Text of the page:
We can learn much from the Native American tradition of the potlatch. It is a tradition that values generosity above all else, and a potlatch, which is a very grand ceremony, is an exercise in giving away material possessions, food, and money. It is not uncommon for the host of a potlatch to give away so much of his own resources to his guests that he ends up with nothing. However, he can regain his wealth by attending potlatches at which he is a guest. In this way, a potlatch validates generosity and encourages the flow of resources in a community, while at the same time continually reaffirming the importance of community ties.

When we are held in a web of trust and connection, we can give generously, knowing that when it is our turn we will be supported. In this way, our whole sense of ownership becomes less individualistic and more communal. Resources are in an acceptable state of flux, moving within the community through the vehicle of the potlatch, which serves the additional function of strengthening community ties. This seems clearly preferable to isolating ourselves from one another and hoarding our resources.

Perhaps we can find ways in our own lives to create a community in which a flow of resources happens in this way, in which we support one another to be generous. We might begin by celebrating our own type of potlatch, having a dinner party and giving each guest an object that is dear to us. Or we could give everyone a little bit of money in an envelope to spend on themselves just for fun. Someone might get inspired to throw their own potlatch, and before we know it we might have a tradition that supports and validates generosity even as it creates a safety net for leaner times. In the most profound sense, that is what a community, a tribe, and family do best.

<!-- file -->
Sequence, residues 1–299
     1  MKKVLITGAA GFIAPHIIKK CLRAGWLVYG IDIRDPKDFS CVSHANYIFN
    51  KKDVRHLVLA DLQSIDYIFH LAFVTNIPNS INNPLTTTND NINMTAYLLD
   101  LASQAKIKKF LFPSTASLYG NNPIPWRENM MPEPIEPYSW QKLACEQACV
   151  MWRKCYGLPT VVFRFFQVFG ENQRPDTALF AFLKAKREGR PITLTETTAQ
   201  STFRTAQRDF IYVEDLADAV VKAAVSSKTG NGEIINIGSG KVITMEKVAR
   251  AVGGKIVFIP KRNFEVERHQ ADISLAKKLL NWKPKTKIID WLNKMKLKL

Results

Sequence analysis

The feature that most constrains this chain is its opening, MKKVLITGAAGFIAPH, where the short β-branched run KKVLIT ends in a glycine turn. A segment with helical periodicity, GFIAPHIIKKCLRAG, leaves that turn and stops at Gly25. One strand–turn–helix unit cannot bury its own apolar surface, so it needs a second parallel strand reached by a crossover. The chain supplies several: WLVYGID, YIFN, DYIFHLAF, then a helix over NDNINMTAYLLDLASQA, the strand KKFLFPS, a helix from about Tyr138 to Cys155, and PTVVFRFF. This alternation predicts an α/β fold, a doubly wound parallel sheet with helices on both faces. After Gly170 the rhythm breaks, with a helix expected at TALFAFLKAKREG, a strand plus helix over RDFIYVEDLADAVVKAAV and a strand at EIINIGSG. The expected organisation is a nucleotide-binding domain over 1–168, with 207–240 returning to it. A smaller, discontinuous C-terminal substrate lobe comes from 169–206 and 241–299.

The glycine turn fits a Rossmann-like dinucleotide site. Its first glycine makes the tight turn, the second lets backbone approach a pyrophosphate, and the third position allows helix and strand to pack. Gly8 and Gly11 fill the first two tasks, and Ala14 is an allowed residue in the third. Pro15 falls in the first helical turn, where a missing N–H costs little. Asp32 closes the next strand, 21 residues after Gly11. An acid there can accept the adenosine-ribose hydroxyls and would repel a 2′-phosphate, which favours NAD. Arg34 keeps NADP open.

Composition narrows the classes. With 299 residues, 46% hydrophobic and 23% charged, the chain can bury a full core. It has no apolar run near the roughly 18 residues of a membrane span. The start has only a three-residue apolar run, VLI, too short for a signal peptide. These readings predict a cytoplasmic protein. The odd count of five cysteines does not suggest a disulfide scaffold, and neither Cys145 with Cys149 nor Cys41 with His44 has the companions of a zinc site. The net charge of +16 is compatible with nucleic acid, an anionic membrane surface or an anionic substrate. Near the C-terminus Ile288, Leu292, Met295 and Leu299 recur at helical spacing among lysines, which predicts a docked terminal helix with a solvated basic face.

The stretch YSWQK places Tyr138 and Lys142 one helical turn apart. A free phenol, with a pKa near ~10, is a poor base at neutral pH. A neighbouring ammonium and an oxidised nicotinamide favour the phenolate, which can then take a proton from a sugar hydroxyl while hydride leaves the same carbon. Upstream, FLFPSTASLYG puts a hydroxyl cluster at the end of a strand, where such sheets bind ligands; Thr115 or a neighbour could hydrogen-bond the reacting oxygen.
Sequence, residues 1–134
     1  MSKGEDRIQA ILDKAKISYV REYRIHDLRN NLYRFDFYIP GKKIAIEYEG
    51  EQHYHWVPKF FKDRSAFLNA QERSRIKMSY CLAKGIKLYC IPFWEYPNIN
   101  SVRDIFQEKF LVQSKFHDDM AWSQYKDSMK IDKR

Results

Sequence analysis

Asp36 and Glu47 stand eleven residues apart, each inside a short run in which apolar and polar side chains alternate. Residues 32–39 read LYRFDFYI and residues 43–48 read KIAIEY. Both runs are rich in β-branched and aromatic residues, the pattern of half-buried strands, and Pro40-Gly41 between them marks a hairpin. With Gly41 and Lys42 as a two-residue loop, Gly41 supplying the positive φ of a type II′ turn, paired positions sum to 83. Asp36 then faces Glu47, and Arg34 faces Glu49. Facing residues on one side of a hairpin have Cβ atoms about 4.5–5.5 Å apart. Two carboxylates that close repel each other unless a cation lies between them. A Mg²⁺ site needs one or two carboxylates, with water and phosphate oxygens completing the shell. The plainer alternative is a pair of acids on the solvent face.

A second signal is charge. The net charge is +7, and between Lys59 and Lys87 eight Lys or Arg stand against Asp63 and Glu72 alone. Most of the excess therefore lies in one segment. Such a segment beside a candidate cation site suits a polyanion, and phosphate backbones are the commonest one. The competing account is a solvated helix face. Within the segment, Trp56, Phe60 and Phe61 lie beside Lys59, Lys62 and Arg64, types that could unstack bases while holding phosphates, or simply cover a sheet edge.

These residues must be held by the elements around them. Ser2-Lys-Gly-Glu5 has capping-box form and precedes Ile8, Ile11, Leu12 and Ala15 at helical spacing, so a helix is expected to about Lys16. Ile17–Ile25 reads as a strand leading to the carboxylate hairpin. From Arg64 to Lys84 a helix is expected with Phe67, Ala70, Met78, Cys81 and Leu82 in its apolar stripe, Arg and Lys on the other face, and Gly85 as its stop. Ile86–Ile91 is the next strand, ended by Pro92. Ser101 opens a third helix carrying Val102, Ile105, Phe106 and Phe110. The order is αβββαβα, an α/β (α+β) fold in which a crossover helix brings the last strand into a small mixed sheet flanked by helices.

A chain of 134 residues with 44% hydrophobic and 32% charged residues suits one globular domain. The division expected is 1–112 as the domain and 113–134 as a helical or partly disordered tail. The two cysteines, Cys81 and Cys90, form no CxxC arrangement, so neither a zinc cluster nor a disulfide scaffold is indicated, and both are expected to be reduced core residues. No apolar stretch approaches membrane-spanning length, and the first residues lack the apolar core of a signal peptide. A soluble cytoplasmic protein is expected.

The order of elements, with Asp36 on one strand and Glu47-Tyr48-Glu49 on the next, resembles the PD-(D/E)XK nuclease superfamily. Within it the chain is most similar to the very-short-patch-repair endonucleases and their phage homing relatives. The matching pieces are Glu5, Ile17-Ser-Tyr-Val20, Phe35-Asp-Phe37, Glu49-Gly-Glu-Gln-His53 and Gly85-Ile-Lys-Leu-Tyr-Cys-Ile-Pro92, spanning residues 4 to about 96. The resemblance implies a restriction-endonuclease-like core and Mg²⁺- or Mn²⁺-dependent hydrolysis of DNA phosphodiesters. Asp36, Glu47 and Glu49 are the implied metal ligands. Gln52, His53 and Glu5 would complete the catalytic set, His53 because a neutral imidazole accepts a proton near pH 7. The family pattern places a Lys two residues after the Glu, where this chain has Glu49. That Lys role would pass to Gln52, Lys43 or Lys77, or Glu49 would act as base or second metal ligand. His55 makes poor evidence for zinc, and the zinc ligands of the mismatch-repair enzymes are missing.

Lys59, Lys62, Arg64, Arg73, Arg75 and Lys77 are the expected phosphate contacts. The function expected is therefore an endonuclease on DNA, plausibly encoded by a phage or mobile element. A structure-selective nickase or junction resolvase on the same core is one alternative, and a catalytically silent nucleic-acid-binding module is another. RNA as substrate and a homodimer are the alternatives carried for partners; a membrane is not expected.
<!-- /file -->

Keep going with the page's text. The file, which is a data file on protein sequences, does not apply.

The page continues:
Foodie Friday: Tomato, Mozzarella & Basil Linguine

(Serves 4)

Frylight olive oil
3 courgettes, sliced
200g linguine
3 garlic cloves, crushed
400g can cherry tomatoes
2 tsp balsamic vinegar
Dash of Tabasco
2 tbsp capers
300g mini mozzarella
Several basil leaves

1. Squirt a non-stick pan with Frylight, add the courgettes and fry for a few minutes over a low heat, turning as needed. Meanwhile, cook the linguine in boiling water, according to pack instructions.
2. Add the garlic, tomatoes, vinegar, Tabasco and capers to the courgettes and simmer for a few minutes.
3. Drain the linguine and toss together with the sauce. Add the mozarella, season and serve sprinkled with basil leaves.

Foodie Friday: Meatballs and Crushed Potatoes

(Serves 4)

500g new potatoes
2 tbsp fat-free Greek yogurt
400g can chopped tomatoes
1 onion, chopped
100ml red wine
200g mushrooms, sliced
1 tsp caster sugar
150ml vegetable stock
395g pack Swedish meatballs
Basil leaves, to finish

1. Boil the potatoes for 15 minutes. Drain and crush lightly. Stir in the yogurt and season with salt and black pepper.
2. Meanwhile, pour the tomatoes into a pan and cook with the onion for 5 minutes. Add the wine, mushrooms, sugar and stock, bring to the boil and simmer for 15 minutes.
3. Microwave the meatballs according to pack instructions. Divide them and the potatoes between 4 plates, top with the sauce, garnish with basil leaves and serve.

Month at a Glance

June 2019